Brush brush brush!

brush brushThey tell you that parenting is about patience, and about poop and vomit and curtailed sleeping hours, of course, but they don’t tell you that it also requires salesmanship, especially in the realm of tooth-brushing.

Brushing Dubsie’s teeth has been difficult as long as there have been teeth. (Or ever since our pediatrician, Dr. Busse, told us sternly that those mouth-chiclets would need a regular scrubbing, or we would risk tooth rot, disfigured smiles, mocking from friends, a life of loneliness and psychotherapy, etc.)

The difficulty of toddler dental hygiene is it is both unappealing (mouth probed with brush) and extremely easy to defend against (close mouth). When Mummy or I would perch Dubsie on our knee in the bathroom, she would clamp her jaws shut, and any attempt at force only led to fusses and weeps. We relented.

And cuddling at night we were haunted her halitosis.

At times while waving the brush over Dubsie’s pursed lips I remembered our family cat from when I was growing up, Lido, a psychotically imbalanced animal who was a constant source of menace. With Lido you never knew whether the hand you offered would lead to a purr orgy or a slash of claws. During one unfortunate era we had to give Lido medicine. The only way to do it was to sneak up on her with a thick terrycloth towel and, while grimacing in fear, wrap it around her struggling body like a straitjacket until just her head stuck out. Then you cradled her like an infant, sticking the dropper between her jaws while she glared and spat.

But I digress.

We never tried anything like that with Dubsie — talk about therapy sessions — but instead turned to this special baby toothbrush, a blue rubber thing that hugs your finger like a minature toothbrush-condom. That worked pretty well, especially when she got rewarded afterward with a little sip of water from said toothbrush-condom. That tool got retired when Dubsie discovered her second line of defense: biting. (“Owwww owww owww owwww Dubsie that hurts!“)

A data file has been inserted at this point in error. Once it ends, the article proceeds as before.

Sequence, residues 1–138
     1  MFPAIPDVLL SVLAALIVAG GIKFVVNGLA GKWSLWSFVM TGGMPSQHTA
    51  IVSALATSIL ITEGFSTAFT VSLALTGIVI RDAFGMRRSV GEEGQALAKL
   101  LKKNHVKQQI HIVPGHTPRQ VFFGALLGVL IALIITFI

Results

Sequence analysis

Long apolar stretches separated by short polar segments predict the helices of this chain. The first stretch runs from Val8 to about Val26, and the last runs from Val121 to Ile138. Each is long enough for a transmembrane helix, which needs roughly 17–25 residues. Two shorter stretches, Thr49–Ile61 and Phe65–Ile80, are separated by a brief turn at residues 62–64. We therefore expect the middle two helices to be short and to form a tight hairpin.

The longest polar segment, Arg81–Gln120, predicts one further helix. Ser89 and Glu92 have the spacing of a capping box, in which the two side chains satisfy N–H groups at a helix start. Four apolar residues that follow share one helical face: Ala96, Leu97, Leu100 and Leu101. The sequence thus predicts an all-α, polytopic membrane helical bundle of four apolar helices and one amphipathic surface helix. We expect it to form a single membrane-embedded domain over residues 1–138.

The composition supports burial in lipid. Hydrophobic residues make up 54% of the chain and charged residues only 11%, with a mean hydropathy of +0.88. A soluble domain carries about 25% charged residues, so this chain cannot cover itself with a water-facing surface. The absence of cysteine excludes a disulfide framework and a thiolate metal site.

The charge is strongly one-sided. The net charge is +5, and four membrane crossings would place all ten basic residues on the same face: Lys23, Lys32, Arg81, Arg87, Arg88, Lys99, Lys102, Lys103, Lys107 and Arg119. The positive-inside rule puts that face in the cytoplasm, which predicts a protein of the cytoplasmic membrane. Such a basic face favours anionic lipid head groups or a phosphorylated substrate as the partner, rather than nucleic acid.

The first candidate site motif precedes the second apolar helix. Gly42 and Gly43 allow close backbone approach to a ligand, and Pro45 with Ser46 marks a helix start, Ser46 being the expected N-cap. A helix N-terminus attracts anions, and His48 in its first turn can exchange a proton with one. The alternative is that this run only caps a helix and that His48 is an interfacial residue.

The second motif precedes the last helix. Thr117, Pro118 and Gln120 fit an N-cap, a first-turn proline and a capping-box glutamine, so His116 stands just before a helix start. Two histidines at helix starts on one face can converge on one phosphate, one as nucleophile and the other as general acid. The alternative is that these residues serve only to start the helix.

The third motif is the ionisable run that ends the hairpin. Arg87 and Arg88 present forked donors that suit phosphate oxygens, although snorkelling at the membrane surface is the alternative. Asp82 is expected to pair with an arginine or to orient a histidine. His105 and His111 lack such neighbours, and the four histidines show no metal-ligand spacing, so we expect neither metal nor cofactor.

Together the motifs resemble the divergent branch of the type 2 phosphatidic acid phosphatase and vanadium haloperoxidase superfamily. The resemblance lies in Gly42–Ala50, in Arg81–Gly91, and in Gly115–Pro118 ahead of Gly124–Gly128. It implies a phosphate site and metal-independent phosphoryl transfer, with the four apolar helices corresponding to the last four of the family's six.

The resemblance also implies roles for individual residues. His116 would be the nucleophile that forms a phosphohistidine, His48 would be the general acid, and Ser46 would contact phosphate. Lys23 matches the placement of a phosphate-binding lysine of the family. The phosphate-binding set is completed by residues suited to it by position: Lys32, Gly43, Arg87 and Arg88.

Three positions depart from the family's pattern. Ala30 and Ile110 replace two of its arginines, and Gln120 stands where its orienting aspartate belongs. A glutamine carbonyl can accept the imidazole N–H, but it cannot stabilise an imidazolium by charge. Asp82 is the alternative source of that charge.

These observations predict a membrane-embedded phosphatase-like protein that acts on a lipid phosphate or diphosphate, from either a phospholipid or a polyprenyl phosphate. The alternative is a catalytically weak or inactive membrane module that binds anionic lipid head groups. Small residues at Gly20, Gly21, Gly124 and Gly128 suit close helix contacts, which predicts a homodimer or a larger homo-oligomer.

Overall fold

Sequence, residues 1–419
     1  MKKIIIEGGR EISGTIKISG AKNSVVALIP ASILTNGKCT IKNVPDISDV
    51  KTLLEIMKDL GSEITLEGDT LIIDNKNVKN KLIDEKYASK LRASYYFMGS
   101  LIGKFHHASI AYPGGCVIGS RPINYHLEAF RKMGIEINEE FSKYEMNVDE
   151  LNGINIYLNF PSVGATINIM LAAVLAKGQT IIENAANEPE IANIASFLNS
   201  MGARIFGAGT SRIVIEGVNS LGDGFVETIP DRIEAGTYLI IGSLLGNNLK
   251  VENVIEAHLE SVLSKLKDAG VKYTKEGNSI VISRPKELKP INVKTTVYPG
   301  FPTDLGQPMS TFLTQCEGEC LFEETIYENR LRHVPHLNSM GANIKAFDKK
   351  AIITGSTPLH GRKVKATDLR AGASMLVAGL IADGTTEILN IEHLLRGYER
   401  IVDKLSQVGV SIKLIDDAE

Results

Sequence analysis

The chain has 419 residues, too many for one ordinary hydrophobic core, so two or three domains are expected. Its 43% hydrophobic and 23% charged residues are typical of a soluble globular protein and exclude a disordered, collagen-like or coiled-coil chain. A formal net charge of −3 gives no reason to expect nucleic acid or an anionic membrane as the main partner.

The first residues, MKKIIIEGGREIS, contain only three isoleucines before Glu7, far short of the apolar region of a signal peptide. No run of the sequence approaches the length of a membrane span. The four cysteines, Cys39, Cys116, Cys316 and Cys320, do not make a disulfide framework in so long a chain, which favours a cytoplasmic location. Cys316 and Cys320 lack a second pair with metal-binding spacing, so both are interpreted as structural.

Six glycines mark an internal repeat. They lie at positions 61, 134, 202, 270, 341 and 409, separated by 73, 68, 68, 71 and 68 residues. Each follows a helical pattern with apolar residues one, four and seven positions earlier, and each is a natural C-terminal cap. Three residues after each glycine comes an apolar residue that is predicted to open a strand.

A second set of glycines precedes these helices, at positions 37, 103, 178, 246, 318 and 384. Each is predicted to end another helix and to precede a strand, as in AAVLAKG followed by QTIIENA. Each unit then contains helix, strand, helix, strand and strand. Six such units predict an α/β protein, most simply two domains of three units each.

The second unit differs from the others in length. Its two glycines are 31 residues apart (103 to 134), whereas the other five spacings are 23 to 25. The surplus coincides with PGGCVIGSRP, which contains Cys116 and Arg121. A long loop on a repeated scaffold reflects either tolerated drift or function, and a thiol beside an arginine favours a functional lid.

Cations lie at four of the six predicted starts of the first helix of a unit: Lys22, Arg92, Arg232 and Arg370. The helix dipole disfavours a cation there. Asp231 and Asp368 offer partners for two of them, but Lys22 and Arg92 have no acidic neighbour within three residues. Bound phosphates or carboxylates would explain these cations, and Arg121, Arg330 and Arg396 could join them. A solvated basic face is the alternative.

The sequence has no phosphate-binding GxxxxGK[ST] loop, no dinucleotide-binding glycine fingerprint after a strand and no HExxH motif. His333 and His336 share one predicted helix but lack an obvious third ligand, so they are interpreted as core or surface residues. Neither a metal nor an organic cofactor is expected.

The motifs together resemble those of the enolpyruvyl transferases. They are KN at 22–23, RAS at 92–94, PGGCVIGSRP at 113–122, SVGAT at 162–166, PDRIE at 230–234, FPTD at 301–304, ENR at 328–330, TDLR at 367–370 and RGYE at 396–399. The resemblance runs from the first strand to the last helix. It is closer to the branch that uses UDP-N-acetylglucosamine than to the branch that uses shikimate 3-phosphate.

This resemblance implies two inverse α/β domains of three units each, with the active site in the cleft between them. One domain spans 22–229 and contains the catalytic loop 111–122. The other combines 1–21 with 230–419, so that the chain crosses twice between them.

The solution that is working, at least for now, is part salesmanship and part participation.

Daddy (at dinnertime): Dubsie, when we’re done, are we going to change into your night diaper?

Dubsie: Uh-huh.

And then are we going to put on pajamas?

Uh huh.

And then are we going to (gasp of feigned excitement) brush our teeth??!

Uh huh.

A sales pitch alone doesn’t do it; she has a role to play. It was Mummy’s idea to have her brush my teeth while I brush hers. I urge her to the bathroom (“brush brush brush!”) and we grab our respective implements. She sits in my lap. Then she immediately closes her lips around her toothbrush in order to suck off all the toothpaste. Then I am allowed to work her mouth, angling around the molars, sneaking behind the incisors, and saying eeeeeeee! and AAAAAAAA! in a mostly futile attempt to tune the size of her mouth opening, while she does various things with my toothbrush —  whapping me on the cheek with it, or scrubbing my clavicle, or dropping it to the floor, or occasionally putting it in my mouth, to clatter it between my molars or stab my tonsils.

But whatever it takes. On most nights most of her teeth are touched by a brush, albeit briefly.

Then it’s time for the singing, the final ritual of the night. Around Christmastime we made “Away in a Manger” the Official Going to Bed Song. If Mummy is there we sing it in two-part harmony. Now Dubsie knows the words well enough that she’ll drowse off to sleep murmuring about the little lord Jesus laying down his sweet head, until the singing trails off and her fragrant breaths turn deep and rhythmic.

 

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